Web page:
“When do we stop losing?” a young mother, Agnes (Aïssa Maïga), asks her husband Trywell (Chiwetel Ejiofor), a subsistence farmer in Malawi in southeast Africa.
At that point in the film (which is based on a true story) the couple had been on quite a streak. After a heavy rain season that had laid waste to their crops, they had gone long over a month eating barely one meal a day (it didn’t help that their maize stores were also robbed). Meanwhile, their daughter (Lily Banda) abandoned them so she would be one less mouth to feed, and their son William (Maxwell Simba) had been forced to leave secondary school because they couldn’t afford to pay the fees.
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Agnes and Trywell’s luck starts to change shortly after she posits the question on the porch of her tiny house, her infant son strapped to her body in a sling. That’s when the ingenious young William, who penned the book on which this is based, finally convinces his father to permit him to take apart the family bicycle and build an electricity-harnessing windmill in their backyard that will power a water pump and allow them to grow in the dry season. By that time, the movie was almost over. Going by the traditional Hollywood standards with which we’re all way too familiar, the ratio of desperate situation to inspirational uplift is tilted precariously towards the negative.
But in the hands of Academy Award-nominated actor and first time writer-director Ejiofor, it works— beautifully and movingly. While it is challenging to see just how hopeless the situation becomes for the Kamkwamba family and their fellow villagers before things start to get better, the extra time gives Ejiofor the ability to fully explore the richness and complexity of life in rural Malawi, from tribal rituals to family meals. The 12 Years a Slave star, who prepared for the film by spending a decade getting to know the Malawi people and learning their language, is wise and engaged enough to not make this simply a portrait of victimhood, but a deeply informed and fully expressed portrait of a culture most of us (including this critic) knew little about.
THE BOY WHO HARNESSED THE WIND ★★★1/2
Ejiofor is aided in his efforts by the remarkable cinematography of Dick Pope, the longtime Mike Leigh DP and a frequent Richard Linklater collaborator. The film takes a full, embracing use of light that not only takes advantage of the location but also enables the actors to express so much while seeming to do so little. This approach works equally well whether the camera is trained on a first-timer—note the wonder with which young actor Maxwell Simba encounters the lamp on his teacher’s bike that lights up when the pedals turn—or a screen veteran like Ejiofor. Directing himself, the actor gives such a deft master class in conveying the psychological and physical effects of hunger that you don’t realize he was doing it until you think about it hours later.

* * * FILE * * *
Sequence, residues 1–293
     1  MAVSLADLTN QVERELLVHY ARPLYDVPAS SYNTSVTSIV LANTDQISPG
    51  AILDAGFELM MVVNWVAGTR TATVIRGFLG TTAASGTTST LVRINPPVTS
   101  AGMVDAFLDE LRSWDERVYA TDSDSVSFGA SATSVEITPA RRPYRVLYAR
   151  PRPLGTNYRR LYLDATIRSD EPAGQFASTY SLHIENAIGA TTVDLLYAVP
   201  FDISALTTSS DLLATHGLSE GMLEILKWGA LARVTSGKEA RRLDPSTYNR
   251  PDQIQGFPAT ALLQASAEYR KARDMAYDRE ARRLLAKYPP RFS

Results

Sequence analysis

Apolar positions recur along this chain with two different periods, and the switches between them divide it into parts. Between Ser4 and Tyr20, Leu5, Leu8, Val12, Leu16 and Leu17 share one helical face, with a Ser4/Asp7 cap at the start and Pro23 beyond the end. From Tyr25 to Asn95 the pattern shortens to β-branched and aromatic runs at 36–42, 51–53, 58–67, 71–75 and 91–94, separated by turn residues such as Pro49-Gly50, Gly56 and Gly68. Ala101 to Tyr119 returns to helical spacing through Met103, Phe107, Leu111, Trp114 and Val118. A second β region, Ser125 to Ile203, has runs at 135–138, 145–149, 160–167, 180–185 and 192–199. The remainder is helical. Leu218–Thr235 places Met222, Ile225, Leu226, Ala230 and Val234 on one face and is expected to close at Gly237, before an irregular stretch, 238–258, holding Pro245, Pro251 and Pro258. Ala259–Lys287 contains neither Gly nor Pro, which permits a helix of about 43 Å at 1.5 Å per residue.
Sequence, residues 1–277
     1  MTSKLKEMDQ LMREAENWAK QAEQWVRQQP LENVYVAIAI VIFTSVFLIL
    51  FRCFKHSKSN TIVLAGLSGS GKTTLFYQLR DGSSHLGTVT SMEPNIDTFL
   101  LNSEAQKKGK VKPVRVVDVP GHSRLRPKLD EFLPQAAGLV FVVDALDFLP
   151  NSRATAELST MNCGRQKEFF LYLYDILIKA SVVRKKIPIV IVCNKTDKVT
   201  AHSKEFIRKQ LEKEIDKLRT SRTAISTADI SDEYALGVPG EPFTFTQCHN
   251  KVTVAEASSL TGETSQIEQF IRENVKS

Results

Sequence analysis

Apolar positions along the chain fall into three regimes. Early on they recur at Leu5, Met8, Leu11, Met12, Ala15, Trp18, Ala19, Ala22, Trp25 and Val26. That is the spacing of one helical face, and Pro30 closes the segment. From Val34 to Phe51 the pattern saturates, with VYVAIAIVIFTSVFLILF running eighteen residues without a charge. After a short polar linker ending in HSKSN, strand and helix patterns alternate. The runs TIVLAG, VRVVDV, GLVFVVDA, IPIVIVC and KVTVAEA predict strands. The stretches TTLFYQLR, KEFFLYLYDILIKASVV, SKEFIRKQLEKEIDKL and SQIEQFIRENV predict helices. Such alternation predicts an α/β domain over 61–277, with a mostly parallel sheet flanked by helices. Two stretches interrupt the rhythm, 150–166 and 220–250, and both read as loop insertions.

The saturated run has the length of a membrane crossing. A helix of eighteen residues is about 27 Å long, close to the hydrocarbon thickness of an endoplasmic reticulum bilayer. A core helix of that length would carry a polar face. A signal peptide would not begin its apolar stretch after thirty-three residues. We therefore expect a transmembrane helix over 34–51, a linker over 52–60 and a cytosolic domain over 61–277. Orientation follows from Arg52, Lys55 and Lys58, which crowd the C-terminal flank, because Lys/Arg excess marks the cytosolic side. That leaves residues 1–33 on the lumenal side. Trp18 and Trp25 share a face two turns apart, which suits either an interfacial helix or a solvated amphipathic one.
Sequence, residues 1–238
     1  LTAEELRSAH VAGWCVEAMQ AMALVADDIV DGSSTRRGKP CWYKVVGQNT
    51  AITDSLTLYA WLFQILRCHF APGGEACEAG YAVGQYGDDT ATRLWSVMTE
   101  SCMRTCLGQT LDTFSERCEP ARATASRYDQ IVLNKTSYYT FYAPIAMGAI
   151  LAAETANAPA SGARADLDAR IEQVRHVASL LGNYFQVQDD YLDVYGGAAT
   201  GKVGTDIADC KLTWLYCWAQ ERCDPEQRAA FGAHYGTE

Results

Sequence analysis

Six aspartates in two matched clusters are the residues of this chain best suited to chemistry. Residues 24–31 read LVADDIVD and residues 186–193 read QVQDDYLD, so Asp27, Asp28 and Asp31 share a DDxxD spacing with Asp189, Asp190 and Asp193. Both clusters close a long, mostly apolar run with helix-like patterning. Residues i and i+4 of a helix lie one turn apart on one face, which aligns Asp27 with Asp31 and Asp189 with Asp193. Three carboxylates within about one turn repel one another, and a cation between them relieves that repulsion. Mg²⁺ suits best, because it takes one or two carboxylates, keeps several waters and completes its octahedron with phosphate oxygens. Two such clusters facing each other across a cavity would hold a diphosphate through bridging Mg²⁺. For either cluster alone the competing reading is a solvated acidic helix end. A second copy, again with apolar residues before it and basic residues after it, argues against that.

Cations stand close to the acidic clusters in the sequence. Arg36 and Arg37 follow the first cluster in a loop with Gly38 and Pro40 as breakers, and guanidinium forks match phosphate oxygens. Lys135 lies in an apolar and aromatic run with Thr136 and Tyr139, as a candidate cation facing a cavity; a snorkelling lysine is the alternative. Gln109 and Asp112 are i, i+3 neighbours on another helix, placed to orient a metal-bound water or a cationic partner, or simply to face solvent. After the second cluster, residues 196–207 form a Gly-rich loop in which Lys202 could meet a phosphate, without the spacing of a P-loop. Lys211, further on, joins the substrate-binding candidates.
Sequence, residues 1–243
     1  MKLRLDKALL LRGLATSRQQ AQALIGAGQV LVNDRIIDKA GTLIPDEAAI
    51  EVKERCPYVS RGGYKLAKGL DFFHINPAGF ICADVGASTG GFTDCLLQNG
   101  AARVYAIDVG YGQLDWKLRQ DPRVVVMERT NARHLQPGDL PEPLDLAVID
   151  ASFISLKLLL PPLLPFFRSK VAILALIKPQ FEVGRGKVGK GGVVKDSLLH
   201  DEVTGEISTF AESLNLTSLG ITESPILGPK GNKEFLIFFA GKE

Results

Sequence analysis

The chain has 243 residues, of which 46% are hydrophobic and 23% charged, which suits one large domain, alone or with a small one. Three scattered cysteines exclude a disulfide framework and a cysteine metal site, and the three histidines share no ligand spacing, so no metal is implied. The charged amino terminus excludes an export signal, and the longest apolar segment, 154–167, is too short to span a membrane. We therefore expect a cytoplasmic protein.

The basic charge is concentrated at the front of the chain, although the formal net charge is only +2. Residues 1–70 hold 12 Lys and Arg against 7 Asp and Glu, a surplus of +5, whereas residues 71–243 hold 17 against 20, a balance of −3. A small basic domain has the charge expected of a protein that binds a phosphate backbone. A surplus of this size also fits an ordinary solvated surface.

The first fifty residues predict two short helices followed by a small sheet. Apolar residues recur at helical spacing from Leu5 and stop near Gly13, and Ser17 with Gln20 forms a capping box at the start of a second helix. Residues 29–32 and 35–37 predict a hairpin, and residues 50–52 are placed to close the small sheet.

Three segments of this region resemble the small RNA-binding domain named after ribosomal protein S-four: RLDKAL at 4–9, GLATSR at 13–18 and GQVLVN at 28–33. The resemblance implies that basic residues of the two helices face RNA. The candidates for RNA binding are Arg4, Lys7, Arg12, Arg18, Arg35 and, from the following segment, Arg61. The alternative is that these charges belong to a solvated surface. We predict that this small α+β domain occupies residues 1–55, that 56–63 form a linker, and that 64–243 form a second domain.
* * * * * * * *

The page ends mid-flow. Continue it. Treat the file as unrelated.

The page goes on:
Ejiofor’s grasp of storytelling is equally skillful. This film could have easily been a dramatization of William Kamkwamba’s well-shared Ted talk, and become the kind of spoonful of sugar, Disney-fied tale of uplift that would be easily recognizable and marketable. But he tells a much richer tale, one that brings large-scale issues that we tend to discuss theoretically—deforestation, colonialism, climate change—down to a granular, intimate scale.
In this mix of cinematic and familial, the film echoes another Netflix release, Roma. Like Alfonso Cuarón’s three-time Oscar winner, this is a movie that is most certainly a more rewarding experience on a big screen, where one can be fully immersed in Malawian village life. (In addition to being available to stream on Netflix, the film, which premiered at Sundance, is getting a limited theatrical release.) However it one views it, the power of the story that The Boy Who Harnessed The Wind tells is as undeniable as its eye-opening portrait of this singular African culture.